The DART spacecraft is a simple design - a kinetic impactor that carries an instrument, Didymos Reconnaissance and Asteroid Camera for OpNav (DRACO), which will observe the asteroid upon approach. In October 2022, the ESA AIM spacecraft will observe the impact to see how much the impact with DART deflects Didymos B. DART is the first test in NASA's Planetary Defense Technology Demonstration Plan.
The DART payload, Didymos Reconnaissance and Asteroid Camera for Op-nav (DRACO), is a high-resolution imager derived from the New Horizons LORRI camera to support navigation and targeting and to determine impact site and geologic context. The spacecraft is a single-string design with thruster-only control weighing about 500kg. The DART impact is directed at Didymos B with a relative velocity of about 6 km/s (13,000 mph)
As a technology demonstration mission, DART also incorporates some new technologies to further the state of the art for future missions in NASA's portfolio.
Chemical propulsion systems store energy chemically in their propellants, but the energy created by electric propulsion systems comes from electromagnetically accelerating ions formed from the propellant.
Precise, autonomous navigation of the DART to hit the target is required for the kinetic impact to be successful. JHUAPL has developed a Small-body Maneuvering Autonomous Real-Time Navigation (Smart Nav) algorithm for DART; it is comprised of image processing and Guidance, Navigation and Control (GNC) algorithms that are a part of a navigation simulation. When DART impacts Didymos B, navigation is handed over to the on-board Smart Nav system. In addition to the navigation, the Smart Nav fuel management logic can determine the appropriate times for course corrections to optimize the efficient use of a limited propellant supply.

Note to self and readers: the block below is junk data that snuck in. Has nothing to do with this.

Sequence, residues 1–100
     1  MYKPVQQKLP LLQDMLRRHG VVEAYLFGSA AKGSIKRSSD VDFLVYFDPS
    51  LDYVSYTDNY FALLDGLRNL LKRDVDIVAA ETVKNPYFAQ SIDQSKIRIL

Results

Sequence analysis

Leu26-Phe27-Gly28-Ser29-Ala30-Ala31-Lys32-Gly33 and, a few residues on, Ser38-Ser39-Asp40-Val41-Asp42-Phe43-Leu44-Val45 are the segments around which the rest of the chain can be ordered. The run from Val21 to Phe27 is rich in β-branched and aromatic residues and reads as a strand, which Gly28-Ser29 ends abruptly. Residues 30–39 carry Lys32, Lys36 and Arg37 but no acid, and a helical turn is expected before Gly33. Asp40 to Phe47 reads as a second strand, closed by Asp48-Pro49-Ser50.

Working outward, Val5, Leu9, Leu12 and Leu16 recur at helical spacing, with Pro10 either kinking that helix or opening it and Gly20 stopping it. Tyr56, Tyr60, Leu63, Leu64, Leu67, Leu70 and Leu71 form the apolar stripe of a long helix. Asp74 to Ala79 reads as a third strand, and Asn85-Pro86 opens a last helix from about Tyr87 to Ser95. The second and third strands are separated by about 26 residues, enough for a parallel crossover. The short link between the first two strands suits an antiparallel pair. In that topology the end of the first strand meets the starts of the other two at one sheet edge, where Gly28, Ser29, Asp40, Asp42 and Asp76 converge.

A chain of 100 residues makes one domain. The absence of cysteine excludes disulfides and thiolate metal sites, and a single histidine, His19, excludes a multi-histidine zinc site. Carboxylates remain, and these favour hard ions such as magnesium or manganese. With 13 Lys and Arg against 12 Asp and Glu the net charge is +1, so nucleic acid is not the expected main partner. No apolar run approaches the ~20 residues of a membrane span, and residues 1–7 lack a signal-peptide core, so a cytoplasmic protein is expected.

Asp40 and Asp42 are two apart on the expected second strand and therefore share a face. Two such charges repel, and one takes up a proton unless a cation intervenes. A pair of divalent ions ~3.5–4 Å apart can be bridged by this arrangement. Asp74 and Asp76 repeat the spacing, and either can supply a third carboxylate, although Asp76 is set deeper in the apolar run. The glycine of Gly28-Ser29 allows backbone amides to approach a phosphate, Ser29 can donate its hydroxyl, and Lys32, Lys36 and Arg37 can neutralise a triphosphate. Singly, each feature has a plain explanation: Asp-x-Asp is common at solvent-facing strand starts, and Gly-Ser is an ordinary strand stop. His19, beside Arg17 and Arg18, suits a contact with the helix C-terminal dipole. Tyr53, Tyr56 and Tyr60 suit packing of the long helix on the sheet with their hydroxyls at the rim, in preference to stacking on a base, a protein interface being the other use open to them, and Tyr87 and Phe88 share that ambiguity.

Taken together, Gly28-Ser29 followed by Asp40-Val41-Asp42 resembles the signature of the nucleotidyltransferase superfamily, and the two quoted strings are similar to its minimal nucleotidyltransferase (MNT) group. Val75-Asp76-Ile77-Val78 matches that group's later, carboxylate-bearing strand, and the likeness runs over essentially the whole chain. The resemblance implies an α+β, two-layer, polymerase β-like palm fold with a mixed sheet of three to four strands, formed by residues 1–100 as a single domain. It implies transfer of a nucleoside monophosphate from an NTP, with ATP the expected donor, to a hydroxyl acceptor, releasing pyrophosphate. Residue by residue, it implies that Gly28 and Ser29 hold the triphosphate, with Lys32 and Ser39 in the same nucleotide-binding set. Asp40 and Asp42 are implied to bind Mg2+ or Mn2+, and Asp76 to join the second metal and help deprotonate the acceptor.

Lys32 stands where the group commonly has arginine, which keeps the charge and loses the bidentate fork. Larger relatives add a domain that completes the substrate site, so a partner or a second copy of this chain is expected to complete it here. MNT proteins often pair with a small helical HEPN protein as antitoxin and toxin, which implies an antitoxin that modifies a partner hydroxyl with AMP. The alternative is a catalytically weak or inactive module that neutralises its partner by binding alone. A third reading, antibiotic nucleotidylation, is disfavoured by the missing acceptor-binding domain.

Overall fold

DART Mission Design - Path To Terminal Guidance
Autonomous Navigation and Targeting (Smart Nav)
@2022 Intercept (~10.9M km; 6.8M miles from Earth)
*15-18 months total flight time